MODERN ORGANISATIONS by AMITAI ETZIONI
Book Review - Bhushan Indravadan Jangla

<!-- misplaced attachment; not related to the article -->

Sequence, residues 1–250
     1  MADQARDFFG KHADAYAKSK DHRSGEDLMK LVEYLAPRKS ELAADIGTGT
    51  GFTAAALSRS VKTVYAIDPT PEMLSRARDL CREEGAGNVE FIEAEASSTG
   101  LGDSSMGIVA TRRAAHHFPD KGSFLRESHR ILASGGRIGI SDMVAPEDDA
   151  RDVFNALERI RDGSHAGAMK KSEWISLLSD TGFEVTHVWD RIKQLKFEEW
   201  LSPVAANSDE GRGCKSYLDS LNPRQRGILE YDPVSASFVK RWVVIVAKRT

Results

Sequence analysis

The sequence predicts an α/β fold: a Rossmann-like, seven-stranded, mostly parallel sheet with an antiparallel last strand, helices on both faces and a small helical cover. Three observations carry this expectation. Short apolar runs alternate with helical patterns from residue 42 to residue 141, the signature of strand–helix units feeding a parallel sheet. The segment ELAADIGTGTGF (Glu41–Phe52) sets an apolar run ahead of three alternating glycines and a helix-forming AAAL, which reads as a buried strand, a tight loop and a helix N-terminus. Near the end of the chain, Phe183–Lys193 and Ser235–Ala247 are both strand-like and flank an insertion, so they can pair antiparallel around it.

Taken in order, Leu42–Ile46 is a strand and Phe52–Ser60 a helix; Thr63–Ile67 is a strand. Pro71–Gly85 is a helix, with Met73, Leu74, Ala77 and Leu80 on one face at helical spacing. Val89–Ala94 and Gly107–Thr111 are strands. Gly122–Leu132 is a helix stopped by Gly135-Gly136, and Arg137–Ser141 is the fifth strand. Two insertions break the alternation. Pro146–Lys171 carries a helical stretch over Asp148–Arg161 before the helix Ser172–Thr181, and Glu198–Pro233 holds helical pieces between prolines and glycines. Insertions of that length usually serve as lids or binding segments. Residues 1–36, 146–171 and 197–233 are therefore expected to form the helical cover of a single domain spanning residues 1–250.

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ORGANISATIONS DEFINED Organizations are social units deliberately constructed and reconstructed to seek specific goals. Corporations, armies, schools, hospitals, churches, and prisons are included; tribes, classes, ethnic groups, friendship groups and families are excluded. Organizations are characterized by: 1) Divisions of labor, power, and communication responsibilities, divisions, which are not random or traditionally patterned, but deliberately planned to enhance the realization of specific goals. 2) The presence of one or more power centers which control the concerted efforts of the organization and direct them toward its goals; these power centers also must review continuously the organization’s performance and re – pattern its structure, where necessary, to increase it efficiency. 3) Substitution of personnel i.e., unsatisfactory persons can be removed and others assigned their tasks. The organization can also recombine its personnel through transfer and promotion There are many synonyms for the term, organization. like bureaucracy, but it has two disadvantages. First, bureaucracy often carries a negative connotation for the layman. Second, bureaucracy implies that the unit is organized according to the principles specified by Weber, which is not the case with many organizations. The book follows the definition of organizations as social units that pursue specific goals, which they are structured to serve, under some social circumstances. Therefore, the book has three foci: organizational goals; organizational structure; and organizations and their social environment. THE NATURE OF ORGANISATIONAL GOALS An organizational goal is the desired state of affairs, which the organization attempts to realize. The organization may or may no be able to bring about this desired image of the future. But if the goal is reached, it ceases to be a guiding image for the organization and is assimilated to the organization or its environment. The real goals of the organization are those future states toward which a majority of the organization’s means and the major organizational commitments of the participants are directed, and which, in cases of conflict with goals, which are stated but command few resources, have clear priority. How goals are set: there are many factors that enter into the struggle to determine an organization’s goals. Organizational departments or divisions often play a prominent role in the process. Personalities are another important determinant. When a strong leader has established himself in the key position of president or executive – director, it is very difficult to unseat him. The danger of ‘over – measurement”: Organizations are constructed to be the most efficient and effective social units. The actual effectiveness of a specific organization is determined by the degree to which it realizes its goals. The efficiency of an organization is determined by the amount or resources used to produce a unit of output. Measuring effectiveness and efficiency raises several thorny problems. When an organization has a goal, which is limited and concrete, it is comparatively easy to measure effectiveness. But when we come to organizations whose output is not material, statements about effectiveness are extremely difficult to validate. The same problem attends measuring efficiency and such related concepts as output, productivity and costs. The distortion of goals that arises from over – measurement of some aspects of the organizations output to the detriment of others is a larger category of distortion that arise in the relations of organizations to their goals. Distortions due to over measurement are comparatively mild, since the main goals of the organization remain intact, though certain aspects of these goals become over – emphasized at the expense of other sometimes more important ones....
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